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He points out the dangers:
“For example, you might recognise the kind of project which has an Upward language but no Inward language, which appears to have been constructed entirely for the purposes of accessing funding and resources, with no underlying life to it. Whole organisations seem to exist to create such projects, serving little other purpose.”

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Many green writers, though usually with the best intent and I’d say, nearly all NGOs have lost their way with that upward – what we might call “grown-up” language. Such language is usually studded with acronyms and code words which demonstrate the speaker’s battle-hardened prowess in a “real” grown-up world. Such adversarial language is rather like the trespassers will be prosecuted signs at the fence-line of enclosure. It has not the diversity to celebrate what’s within the fence – to make it worth the defending – it is a tool to keep invaders out. At the edge of the Hundred Acre Wood in which Pooh and Piglet hunt for the Woozle, a sign so faded that only the letters, Trespassers W remain, leads Piglet to fancifully expound how Trespassers W was an ancestor of his. As David Bollier (and also Lee Hoinacki) points out, the common is a realm, more of verbs, than nouns. I’d go further – it is a spiritual world – the same spirit which was inhabited by our ancestors and must remain for habitation by our descendants. The wood (or guiding spirit) is populated by goings-on; by verbs; by responses, whereas the woodland property is made up of nouns – unresponsive things. In the language of commons, we can speak of time – of the duration of things and of a variety of clocks of differing speeds, such as receding, or returning felicity, decay, regeneration, life-span, ancestry, heartbeats, hopes, tides, diurnity, seasons, or the elasticity of times between hope, excitement or disappointment during a Woozle hunt in a hundred-acre wood…

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If grown-up language has not the capacity to express the whole of truth, then we should use it with the greatest care – though it may be a tool for defending those lawful (and lore-full) properties of a common – that is, their right to exist – to be acknowledged in the eyes of others. It may express simply – this common exists.

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When Theresa May leans forward, wagging her finger, to say, “there is no magic money tree”, she is using the ancient ploy of those who live by such trees to keep commoners in their place and without them. Theresa lives by magically debt-created money; by quantitively easing magic money into the money flow – most of which ends in increased property prices and increased rent – accumulating the wealth of those reclining beneath the money trees, while further impoverishing those, who by Trespassers W, have been expelled from the wood.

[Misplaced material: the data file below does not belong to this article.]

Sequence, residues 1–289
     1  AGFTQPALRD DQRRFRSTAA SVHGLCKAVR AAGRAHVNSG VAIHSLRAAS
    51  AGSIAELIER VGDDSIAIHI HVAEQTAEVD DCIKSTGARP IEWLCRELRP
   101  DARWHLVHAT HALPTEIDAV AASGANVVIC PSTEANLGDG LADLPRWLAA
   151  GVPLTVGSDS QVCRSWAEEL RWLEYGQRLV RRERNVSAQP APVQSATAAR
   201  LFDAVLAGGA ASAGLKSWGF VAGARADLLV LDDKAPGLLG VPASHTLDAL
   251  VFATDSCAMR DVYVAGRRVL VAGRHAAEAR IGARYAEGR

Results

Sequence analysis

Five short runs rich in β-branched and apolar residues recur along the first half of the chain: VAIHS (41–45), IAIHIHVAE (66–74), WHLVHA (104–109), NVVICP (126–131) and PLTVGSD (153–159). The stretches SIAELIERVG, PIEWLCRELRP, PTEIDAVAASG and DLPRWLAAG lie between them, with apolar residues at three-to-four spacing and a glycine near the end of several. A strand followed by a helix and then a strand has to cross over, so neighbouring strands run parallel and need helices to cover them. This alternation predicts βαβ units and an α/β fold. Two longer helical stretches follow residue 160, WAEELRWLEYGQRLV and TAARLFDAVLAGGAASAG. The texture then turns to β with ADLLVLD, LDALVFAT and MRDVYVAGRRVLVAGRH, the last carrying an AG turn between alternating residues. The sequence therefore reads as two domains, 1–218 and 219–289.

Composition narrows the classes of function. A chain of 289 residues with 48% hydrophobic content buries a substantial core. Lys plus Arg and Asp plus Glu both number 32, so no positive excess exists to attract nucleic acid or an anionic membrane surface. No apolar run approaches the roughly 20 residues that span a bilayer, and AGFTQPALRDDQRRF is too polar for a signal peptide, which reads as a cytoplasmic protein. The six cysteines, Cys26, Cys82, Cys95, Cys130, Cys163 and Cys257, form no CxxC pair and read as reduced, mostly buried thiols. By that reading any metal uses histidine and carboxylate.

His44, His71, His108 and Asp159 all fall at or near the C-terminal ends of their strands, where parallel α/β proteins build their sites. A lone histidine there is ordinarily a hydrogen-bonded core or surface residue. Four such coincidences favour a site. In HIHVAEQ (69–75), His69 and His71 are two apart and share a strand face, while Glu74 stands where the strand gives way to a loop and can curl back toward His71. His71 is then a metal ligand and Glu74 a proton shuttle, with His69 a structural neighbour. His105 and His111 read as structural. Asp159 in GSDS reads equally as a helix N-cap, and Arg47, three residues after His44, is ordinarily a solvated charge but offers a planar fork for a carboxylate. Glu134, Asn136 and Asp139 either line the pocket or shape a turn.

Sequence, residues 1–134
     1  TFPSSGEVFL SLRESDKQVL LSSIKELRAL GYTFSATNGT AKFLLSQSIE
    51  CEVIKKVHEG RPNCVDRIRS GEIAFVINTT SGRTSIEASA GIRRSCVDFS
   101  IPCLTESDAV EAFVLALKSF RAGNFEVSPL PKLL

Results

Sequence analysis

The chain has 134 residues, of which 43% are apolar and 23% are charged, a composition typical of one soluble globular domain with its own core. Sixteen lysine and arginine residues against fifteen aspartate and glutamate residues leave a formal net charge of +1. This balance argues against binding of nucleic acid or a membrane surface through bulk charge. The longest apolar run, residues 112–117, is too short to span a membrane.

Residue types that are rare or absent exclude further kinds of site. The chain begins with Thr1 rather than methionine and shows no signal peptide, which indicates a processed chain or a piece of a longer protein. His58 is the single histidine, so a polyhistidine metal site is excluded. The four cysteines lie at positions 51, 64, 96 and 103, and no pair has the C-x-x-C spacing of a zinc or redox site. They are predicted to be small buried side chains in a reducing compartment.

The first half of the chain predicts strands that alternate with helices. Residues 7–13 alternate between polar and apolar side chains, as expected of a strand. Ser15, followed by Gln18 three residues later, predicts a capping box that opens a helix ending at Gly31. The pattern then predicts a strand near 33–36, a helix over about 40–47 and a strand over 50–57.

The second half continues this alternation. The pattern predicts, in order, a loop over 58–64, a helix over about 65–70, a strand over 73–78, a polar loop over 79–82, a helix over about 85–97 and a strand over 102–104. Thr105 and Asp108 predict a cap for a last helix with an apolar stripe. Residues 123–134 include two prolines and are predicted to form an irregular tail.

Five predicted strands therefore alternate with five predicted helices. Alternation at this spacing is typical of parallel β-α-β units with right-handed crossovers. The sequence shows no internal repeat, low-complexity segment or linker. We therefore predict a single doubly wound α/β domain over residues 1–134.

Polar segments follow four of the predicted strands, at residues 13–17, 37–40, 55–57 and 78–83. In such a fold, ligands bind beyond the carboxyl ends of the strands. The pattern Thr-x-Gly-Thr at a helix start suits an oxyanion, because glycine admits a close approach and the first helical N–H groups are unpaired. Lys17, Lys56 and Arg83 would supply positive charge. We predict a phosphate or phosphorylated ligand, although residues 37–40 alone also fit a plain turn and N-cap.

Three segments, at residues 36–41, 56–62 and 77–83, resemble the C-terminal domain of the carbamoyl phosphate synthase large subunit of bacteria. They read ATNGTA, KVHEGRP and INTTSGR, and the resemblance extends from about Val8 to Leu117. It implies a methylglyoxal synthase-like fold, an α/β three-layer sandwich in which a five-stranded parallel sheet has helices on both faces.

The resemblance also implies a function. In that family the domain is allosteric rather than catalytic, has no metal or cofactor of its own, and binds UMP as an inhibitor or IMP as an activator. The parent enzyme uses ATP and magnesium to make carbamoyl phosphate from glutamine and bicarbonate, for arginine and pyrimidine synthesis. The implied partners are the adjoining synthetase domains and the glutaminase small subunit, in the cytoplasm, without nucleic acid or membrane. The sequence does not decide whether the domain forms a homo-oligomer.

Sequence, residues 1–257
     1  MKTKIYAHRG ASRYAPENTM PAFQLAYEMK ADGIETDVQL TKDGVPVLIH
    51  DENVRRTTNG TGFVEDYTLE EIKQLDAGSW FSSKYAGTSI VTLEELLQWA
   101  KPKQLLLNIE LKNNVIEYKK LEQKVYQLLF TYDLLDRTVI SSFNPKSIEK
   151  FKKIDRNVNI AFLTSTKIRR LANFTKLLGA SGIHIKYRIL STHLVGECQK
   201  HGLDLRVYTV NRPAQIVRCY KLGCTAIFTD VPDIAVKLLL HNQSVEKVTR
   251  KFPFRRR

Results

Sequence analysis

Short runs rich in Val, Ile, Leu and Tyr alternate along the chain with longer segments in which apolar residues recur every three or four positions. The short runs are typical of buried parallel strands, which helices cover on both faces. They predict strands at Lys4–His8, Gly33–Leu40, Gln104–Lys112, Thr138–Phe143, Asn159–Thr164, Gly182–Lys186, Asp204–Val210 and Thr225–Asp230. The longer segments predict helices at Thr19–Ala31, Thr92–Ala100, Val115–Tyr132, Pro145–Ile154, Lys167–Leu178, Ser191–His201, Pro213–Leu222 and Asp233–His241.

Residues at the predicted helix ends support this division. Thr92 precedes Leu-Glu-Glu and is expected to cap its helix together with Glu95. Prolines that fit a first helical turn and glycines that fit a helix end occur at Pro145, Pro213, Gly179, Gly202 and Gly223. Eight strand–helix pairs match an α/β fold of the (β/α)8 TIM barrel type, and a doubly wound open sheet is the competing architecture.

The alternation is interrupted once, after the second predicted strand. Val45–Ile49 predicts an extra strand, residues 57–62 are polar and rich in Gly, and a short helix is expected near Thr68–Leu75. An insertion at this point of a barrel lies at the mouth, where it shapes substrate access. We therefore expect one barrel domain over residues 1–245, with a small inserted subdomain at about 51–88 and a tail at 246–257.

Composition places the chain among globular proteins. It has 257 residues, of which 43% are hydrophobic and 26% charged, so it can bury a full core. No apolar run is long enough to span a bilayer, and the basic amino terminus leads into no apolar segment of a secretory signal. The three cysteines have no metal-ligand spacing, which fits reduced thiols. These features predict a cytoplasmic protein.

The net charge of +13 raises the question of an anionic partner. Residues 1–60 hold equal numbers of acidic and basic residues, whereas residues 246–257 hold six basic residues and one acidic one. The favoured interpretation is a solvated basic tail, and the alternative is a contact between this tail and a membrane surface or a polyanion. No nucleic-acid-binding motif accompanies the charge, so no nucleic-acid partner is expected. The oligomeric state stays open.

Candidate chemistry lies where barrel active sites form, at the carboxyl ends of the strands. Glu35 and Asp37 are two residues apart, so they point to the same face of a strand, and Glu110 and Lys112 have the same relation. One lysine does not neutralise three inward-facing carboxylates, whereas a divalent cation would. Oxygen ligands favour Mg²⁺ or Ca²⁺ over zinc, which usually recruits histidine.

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But the phrase is effective, because there are no magic money trees on the common, or in an ordinary household. She appeals to both an ancient moral and a law of physics to maintain the depravity of the amoral and dis-physical casino which sustains her circle of friends and her government. Householders know that money does not grow on trees and so return home reflecting that our Theresa has a wise head on her Tory shoulders. Many, who would otherwise consider that social justice and climate change were a part of balancing budgets, instead, recoil from the idiocy of magic money trees (the social spending of the Left) and vote for Theresa in the following ballot. Citizen-contributions to pay for that social spending are similarly demonised by the wagging finger as importunate attacks on hard-working households.

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I suppose the lesson of this little essay is to beware of grown-ups – the grown-up in ourselves as much as in others. Our true coming of age is into the spirit of the common; into the responsibilities of the rule of return and the maintenance of the joys of precious things. That is – to become conservative and to stand against the violent conservation of suicidal, time-dead, greed-laden fence-lines, which has become the purpose (in UK) of Tory, Liberal and New Labour political parties. The world over, it seems that similar stories unfold…